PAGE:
"If Agent Bernadine calls," Josie kept a lace of acrimony in her voice strictly applied to Flair's literary business pro, "I'll say that you've gone out. I usually say you've gone out and it won't be a big deal to do it again."

A gurgle of dread escaped from the back of Flair's throat. Josie closed the noisy maw. The playfulness sent them into erratic laughter, hair-pulling, accidental caresses of forbidden zones. Flair pushed Josie, breaking their tender wrestling match.

"I'll always be out when Bernadine calls," said Flair, feeling hopeless against the onslaught of commercial success. She was a speech therapist, a linguist, a part-time philologist—she wrote only to trample into submission those sensations her mind was consciously too weak to handle. The writing had stopped when she ran into Josie, literally, on the college campus three years before. They'd studied and lived together. Their friendship roamed into the boundaries of psychic phenomenon. It forced them to talk about the relevance, power and likelihood of soul mates. For two years their peace was inexplicable. Every happiness obeyed them.

Then there came upon their paradisal scene a shadow: irregular, problematic, male-shaped. Its name was Josh. He wanted Josie. She became tinted by his penumbra. She wore a ring from him on an important finger and her rosiness darkened.

Josie's eyes danced. Their pixie-green hue and iridescent risibility contained the depth of her unusual love for Flair. She swung their united hands between them. "Josh will be here later. He wants to take me to dinner at that new restaurant close to where he works. Maybe if I explain—"

In an instant, Flair was riled and away. "Oh, no, I won't have your pity wrecking my nice quite Friday evening at home! Thanks," she threw another paper on the fire, "but I'll stay right here. You go and have fun with Josh."

At the sound of his approaching car, the linguist, like a frightened hare, turned and ran upstairs. From a window, Flair watched him stride the sidewalk's length. What did he want with Josie? Flair sunk back to her bed, heart in a vice at the voices downstairs, and imagined a more romantic tableau there than those she'd painted in her head for three years—that Josie had helped hew.


Continued in the book....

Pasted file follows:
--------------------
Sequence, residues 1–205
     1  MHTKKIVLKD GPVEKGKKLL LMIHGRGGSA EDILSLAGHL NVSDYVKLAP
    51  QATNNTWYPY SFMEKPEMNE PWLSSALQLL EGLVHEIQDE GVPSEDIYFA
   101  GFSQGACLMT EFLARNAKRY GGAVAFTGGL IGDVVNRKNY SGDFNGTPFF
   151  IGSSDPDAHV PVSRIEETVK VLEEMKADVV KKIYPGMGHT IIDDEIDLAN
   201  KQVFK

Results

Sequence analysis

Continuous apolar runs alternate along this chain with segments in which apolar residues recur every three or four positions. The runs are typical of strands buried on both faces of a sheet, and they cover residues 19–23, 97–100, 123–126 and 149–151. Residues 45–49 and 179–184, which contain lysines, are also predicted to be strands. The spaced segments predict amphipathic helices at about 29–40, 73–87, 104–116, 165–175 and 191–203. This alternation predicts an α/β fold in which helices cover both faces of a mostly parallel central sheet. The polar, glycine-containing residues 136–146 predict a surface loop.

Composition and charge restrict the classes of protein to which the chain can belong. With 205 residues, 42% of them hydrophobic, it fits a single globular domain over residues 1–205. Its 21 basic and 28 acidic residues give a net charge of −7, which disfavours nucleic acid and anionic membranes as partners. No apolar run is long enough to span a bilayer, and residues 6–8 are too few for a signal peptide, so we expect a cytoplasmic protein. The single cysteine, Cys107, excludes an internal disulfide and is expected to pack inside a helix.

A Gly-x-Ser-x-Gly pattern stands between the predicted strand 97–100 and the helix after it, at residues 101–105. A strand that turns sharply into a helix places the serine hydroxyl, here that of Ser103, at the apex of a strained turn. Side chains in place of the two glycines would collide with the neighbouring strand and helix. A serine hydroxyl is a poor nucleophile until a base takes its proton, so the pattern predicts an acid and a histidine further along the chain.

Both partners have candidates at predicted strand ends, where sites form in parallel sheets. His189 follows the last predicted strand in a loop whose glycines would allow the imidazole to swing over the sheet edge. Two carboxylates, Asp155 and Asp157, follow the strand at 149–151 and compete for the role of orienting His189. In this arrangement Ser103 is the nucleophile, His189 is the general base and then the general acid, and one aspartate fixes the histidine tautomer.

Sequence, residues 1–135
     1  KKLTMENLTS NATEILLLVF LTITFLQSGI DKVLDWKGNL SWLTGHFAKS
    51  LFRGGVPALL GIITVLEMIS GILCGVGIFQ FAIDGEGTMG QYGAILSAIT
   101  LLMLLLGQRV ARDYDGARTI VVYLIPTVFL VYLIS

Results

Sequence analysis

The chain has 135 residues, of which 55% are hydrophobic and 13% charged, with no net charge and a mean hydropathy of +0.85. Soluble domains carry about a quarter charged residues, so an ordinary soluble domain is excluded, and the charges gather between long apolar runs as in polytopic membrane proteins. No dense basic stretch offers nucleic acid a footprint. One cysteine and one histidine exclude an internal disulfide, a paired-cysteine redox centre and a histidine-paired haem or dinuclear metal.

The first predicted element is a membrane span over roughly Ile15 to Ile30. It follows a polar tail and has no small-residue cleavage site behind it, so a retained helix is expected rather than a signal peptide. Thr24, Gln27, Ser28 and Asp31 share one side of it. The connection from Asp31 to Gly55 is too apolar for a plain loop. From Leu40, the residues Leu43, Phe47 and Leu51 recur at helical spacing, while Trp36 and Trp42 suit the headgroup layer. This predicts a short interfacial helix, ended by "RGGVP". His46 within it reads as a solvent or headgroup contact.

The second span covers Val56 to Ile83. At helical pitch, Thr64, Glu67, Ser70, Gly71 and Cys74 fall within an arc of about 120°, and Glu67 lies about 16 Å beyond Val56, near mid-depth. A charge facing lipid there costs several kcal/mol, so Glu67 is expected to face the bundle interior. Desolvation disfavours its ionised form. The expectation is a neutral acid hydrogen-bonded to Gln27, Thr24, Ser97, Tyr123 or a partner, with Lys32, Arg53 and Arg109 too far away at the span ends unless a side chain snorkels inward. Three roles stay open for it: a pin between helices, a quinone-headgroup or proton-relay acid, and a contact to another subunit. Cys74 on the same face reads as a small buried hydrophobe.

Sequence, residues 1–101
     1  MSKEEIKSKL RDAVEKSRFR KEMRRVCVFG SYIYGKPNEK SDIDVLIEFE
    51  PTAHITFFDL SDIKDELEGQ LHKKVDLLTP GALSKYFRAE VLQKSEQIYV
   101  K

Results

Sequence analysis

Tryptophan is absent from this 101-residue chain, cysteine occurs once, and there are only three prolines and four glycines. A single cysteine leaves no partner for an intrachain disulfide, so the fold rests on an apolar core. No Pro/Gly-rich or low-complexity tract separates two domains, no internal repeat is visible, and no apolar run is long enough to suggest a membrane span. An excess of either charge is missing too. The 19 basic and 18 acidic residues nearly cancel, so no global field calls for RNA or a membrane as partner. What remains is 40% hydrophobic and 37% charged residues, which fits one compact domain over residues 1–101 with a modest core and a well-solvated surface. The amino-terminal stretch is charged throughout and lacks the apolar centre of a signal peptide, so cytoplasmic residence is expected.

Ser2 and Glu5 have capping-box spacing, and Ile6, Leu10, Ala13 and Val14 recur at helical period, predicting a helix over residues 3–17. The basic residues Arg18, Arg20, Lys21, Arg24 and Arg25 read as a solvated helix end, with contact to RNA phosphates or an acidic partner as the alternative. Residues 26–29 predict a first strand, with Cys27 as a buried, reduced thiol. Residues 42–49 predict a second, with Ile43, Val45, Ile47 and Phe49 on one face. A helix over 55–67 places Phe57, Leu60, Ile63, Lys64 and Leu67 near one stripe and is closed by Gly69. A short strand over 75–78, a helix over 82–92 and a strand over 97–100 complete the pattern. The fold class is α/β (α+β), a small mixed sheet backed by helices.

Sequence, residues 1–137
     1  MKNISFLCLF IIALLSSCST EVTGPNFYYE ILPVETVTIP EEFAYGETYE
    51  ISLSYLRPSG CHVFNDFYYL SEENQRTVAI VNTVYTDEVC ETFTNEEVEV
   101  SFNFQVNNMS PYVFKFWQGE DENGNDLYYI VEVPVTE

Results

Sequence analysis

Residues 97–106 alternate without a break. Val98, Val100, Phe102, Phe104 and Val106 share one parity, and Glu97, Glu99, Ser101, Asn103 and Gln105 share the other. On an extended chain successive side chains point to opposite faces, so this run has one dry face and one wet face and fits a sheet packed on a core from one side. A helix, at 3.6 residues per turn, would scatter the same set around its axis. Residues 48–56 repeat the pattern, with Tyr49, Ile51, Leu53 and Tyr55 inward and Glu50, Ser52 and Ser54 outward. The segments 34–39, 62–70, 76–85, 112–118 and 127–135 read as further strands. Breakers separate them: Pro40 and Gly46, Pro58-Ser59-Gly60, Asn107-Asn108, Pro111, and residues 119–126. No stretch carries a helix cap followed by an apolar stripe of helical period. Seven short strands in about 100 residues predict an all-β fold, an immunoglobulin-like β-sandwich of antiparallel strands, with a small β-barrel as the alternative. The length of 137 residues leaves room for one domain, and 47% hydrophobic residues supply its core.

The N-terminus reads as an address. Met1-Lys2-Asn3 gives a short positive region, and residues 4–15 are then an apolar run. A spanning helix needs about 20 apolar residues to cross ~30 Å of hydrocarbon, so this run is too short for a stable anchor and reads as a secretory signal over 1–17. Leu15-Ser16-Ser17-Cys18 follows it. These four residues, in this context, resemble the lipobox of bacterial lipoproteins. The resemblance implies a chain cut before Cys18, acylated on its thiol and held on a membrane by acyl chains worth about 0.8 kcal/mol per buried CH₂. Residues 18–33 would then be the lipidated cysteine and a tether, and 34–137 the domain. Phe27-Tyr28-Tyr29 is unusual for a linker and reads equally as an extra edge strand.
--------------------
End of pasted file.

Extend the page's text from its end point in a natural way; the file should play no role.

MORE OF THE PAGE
Purchase anthology at
(Supports the good works of the New Town Writers)

partlyopenbook: Not me. :) (Default)
Meet Steve. Stephano Mornay, to be precise. He's one-half the dynamic duo of the book I'm working on, called, appropriately, After Dan & Steve Saved the World. It's exactly what it sounds like. Dan and Steve save the world from a villainous villainy, live to tell about it (to their surprise), and have to go through the trials that follow. Steve, the slightly-younger and wittier half of Dan & Steve (who saved the world), is a character that I rely on to amuse and entertain me. He's also insightful. Here are some of Steve's best epigrams over the first quarter of the book.


Only with men whose ass hairs I've actually caressed.

-- when being asked if he always flirts so much

She was evil, and she knew it, and she was going to make everyone believe she was a gift to the universe.

-- on his former boss

Hey, Al, can you have the kitchens send up some soup—I don't care what it is—and a plate of cookies? I don't care what kind of cookies, but when you save the world, one of the first things you want to do is have a cookie.

It's a nice place, Benji. Decorate it yourself? It's pretty, but it has a monkish air to it that made me think of you.

Is there a computer around here? I mean, something more than a damn tablet. I want to type up some stuff, but not with my forefingers or thumbs. I took two years of computer classes, and I can type a hundred words a minute, and I'll be damned if I'm going to type with my forefingers and thumbs!

Sometime, you'll have to tell me exactly how many books you've read and how many thousands of years you were at university. People don't expect that from their superheroes, you know.

-- to Dan, an English teacher

You taste like tea. Minty tea. Now I want some tea.

No one wants a sick and grouchy Agent Cochrane around. Or are you one of those men who gets sick and turns into a macho, 'I can do anything you can do even if I puke while doing it' kind of guy? No, don't answer that. We'll all be surprised.

We're pretty healed, though, and some of us are just pretty.